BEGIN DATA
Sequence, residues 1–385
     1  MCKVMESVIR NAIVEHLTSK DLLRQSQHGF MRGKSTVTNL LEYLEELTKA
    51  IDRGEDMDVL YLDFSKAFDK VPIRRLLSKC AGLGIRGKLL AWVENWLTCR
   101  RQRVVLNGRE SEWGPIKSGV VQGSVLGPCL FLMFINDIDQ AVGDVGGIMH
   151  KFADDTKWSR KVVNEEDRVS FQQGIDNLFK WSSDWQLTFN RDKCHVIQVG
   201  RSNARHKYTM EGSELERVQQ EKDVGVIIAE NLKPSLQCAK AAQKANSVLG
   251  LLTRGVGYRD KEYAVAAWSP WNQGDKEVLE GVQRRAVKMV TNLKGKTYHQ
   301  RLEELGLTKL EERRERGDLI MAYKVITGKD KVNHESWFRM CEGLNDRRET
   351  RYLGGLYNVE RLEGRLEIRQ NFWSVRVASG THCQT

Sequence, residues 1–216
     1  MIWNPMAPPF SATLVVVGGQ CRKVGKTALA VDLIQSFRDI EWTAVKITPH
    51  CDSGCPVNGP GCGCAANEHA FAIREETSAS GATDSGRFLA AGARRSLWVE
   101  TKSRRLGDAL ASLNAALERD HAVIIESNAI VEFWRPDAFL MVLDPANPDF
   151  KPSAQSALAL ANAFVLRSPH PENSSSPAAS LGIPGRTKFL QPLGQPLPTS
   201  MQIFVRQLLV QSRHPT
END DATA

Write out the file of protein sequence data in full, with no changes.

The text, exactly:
Sequence, residues 1–385
     1  MCKVMESVIR NAIVEHLTSK DLLRQSQHGF MRGKSTVTNL LEYLEELTKA
    51  IDRGEDMDVL YLDFSKAFDK VPIRRLLSKC AGLGIRGKLL AWVENWLTCR
   101  RQRVVLNGRE SEWGPIKSGV VQGSVLGPCL FLMFINDIDQ AVGDVGGIMH
   151  KFADDTKWSR KVVNEEDRVS FQQGIDNLFK WSSDWQLTFN RDKCHVIQVG
   201  RSNARHKYTM EGSELERVQQ EKDVGVIIAE NLKPSLQCAK AAQKANSVLG
   251  LLTRGVGYRD KEYAVAAWSP WNQGDKEVLE GVQRRAVKMV TNLKGKTYHQ
   301  RLEELGLTKL EERRERGDLI MAYKVITGKD KVNHESWFRM CEGLNDRRET
   351  RYLGGLYNVE RLEGRLEIRQ NFWSVRVASG THCQT

Sequence, residues 1–216
     1  MIWNPMAPPF SATLVVVGGQ CRKVGKTALA VDLIQSFRDI EWTAVKITPH
    51  CDSGCPVNGP GCGCAANEHA FAIREETSAS GATDSGRFLA AGARRSLWVE
   101  TKSRRLGDAL ASLNAALERD HAVIIESNAI VEFWRPDAFL MVLDPANPDF
   151  KPSAQSALAL ANAFVLRSPH PENSSSPAAS LGIPGRTKFL QPLGQPLPTS
   201  MQIFVRQLLV QSRHPT